The government continued to monitor and limit the activities of all religious groups and to discourage proselytizing. While there is no law prohibiting proselytizing, the government discouraged it and occasionally expelled or prosecuted missionaries for “posing a threat to the relations among religious groups.”
The government permitted the use of religious language in public, including banners bearing religious slogans at prominent public landmarks during religious holidays. The display of nativity scenes and other symbols associated with Christmas was common.
The government allowed foreign Christian faith-based nongovernmental organizations (NGOs) to operate in the country under the auspices of the Catholic or Orthodox Churches and without officially registering. Many of these NGOs worked directly to provide humanitarian assistance in cooperation with the various churches in the country.
Recognized religious minority groups, with the exception of Jews, were represented among the senior officer corps of the Syrian military. While the law does not permit conscientious objection to military service, historically both Christian and Muslim religious leaders have been exempted, although Muslim religious leaders were required to pay a levy for exemption.
The regime openly threatened Sunnis, warning against increased communications with foreign coreligionists, defining such communication as opposition political or military activity. The government monitored and controlled sermons and often closed mosques between prayers. At the same time the government continued its support for radio and television programming related to the practice and study of Islam that it deemed appropriate.
The government allowed foreign Christian faith-based NGOs to operate under the auspices of one of the historically established churches without officially registering. It required foreign Islamic NGOs, however, to register and receive approval from the Ministry of Religious Endowments to operate. Security forces regularly questioned these organizations on their sources of income and monitored their expenditures. The Ministry of Social Affairs and Labor continued to prohibit religious leaders from serving as directors on the boards of Islamic charities, maintaining the previous year’s departure from traditional practice under which clerics headed most Islamic charities in the country.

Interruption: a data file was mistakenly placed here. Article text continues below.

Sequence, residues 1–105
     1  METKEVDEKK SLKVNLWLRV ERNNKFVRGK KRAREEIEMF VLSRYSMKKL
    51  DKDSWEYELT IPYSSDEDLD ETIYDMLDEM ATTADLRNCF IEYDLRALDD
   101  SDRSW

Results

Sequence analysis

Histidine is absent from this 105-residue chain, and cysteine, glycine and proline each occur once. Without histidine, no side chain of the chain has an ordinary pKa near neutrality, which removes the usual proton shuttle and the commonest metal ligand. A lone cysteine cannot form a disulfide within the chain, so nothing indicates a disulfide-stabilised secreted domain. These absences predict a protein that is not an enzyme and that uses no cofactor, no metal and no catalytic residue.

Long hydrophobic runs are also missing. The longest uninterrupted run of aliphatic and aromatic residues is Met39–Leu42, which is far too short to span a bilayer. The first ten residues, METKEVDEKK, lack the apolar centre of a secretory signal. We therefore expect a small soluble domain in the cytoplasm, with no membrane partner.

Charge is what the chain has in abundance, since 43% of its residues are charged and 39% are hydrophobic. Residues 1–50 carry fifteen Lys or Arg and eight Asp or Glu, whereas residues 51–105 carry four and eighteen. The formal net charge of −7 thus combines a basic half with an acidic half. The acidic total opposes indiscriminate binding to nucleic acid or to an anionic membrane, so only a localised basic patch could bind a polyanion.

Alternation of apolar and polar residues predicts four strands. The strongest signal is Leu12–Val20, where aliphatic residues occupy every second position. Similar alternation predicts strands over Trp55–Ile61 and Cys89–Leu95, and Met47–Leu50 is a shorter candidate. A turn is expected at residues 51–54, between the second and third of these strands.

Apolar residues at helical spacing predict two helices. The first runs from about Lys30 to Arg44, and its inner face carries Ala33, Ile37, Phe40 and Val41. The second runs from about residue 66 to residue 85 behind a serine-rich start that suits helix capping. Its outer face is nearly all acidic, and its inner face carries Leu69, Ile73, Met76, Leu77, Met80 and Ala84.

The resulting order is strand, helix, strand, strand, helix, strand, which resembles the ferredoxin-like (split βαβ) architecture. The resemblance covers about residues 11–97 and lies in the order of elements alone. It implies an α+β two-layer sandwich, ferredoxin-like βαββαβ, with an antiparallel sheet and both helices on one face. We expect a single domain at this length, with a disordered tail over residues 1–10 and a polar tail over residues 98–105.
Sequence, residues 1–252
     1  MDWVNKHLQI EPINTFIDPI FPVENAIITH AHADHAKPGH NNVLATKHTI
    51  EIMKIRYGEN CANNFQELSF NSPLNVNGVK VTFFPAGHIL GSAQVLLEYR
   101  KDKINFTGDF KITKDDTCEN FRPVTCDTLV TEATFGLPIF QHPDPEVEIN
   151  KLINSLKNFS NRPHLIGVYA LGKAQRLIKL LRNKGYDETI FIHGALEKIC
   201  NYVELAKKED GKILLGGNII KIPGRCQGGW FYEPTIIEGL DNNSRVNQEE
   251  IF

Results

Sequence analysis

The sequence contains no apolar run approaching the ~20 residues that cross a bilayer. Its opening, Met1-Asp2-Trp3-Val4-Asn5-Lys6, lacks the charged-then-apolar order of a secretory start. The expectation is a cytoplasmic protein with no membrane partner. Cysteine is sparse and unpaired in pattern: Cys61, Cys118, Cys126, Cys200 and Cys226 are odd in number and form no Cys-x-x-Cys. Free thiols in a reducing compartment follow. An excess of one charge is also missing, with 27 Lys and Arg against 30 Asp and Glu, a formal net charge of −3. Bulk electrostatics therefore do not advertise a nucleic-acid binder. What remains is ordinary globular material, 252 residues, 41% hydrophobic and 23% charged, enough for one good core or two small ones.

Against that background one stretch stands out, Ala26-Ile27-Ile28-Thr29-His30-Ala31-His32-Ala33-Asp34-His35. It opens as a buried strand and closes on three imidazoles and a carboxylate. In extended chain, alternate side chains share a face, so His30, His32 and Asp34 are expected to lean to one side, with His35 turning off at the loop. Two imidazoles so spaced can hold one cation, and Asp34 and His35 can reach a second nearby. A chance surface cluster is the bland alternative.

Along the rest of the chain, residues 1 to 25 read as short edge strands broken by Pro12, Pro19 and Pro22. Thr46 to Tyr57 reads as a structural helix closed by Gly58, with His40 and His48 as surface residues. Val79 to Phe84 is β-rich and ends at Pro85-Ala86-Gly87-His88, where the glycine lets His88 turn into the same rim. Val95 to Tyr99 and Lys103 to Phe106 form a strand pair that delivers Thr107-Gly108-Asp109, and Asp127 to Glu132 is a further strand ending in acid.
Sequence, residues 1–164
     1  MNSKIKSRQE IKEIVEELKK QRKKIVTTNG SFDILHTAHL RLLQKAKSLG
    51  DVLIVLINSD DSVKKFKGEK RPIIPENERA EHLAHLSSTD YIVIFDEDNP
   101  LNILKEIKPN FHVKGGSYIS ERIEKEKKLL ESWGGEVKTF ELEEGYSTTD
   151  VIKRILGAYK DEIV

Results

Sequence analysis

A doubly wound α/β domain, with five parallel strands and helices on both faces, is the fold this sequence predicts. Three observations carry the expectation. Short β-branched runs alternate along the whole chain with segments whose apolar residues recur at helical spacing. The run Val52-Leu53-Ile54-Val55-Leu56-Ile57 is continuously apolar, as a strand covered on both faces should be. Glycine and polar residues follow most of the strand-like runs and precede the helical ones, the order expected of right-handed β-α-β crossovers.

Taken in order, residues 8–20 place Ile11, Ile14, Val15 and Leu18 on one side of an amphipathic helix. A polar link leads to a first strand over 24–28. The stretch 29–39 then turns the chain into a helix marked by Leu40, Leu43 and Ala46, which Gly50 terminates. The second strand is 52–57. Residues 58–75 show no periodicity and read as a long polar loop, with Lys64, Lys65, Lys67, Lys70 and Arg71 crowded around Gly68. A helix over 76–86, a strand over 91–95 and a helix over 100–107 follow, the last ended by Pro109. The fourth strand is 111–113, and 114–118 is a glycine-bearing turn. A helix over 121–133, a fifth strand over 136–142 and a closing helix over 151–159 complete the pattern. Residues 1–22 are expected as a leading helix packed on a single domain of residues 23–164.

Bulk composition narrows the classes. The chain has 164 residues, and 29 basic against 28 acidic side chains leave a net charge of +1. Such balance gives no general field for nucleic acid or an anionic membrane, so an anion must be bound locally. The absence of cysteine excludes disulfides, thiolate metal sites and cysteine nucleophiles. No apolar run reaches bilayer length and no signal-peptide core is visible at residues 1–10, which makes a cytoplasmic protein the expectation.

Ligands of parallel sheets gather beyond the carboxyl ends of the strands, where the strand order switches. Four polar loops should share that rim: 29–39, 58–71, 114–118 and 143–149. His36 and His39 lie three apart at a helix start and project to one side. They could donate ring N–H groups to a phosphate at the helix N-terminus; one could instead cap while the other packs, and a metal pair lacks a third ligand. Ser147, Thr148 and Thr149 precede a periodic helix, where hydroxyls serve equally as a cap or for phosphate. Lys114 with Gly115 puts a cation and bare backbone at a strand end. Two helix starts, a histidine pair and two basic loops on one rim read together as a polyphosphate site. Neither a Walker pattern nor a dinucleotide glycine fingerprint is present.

There were limits placed on the distribution of religious media. Despite having no specific law against the production and distribution of religious literature or other types of media, the government reportedly used provisions in the penal code to prohibit “causing tension between religious communities” to restrict distribution of religious materials by groups it deemed a threat.
The regime continued to condemn sectarian strife, for example during public speeches by prominent government-affiliated figures such as Grand Mufti Ahmad Badreddin Hassoun, while attributing opposition violence to religious extremists and terrorists. Opposition figures continued to say the authorities systematically used sectarian fear as a strategy to counter antigovernment demonstrations and justify government attacks on civilian and residential areas.
Religion was a factor in determining some career advancement. The minority Alawite group, of which President Asad and his family are members, continued to hold an elevated political status disproportionate to its numbers, particularly in the military and other security services.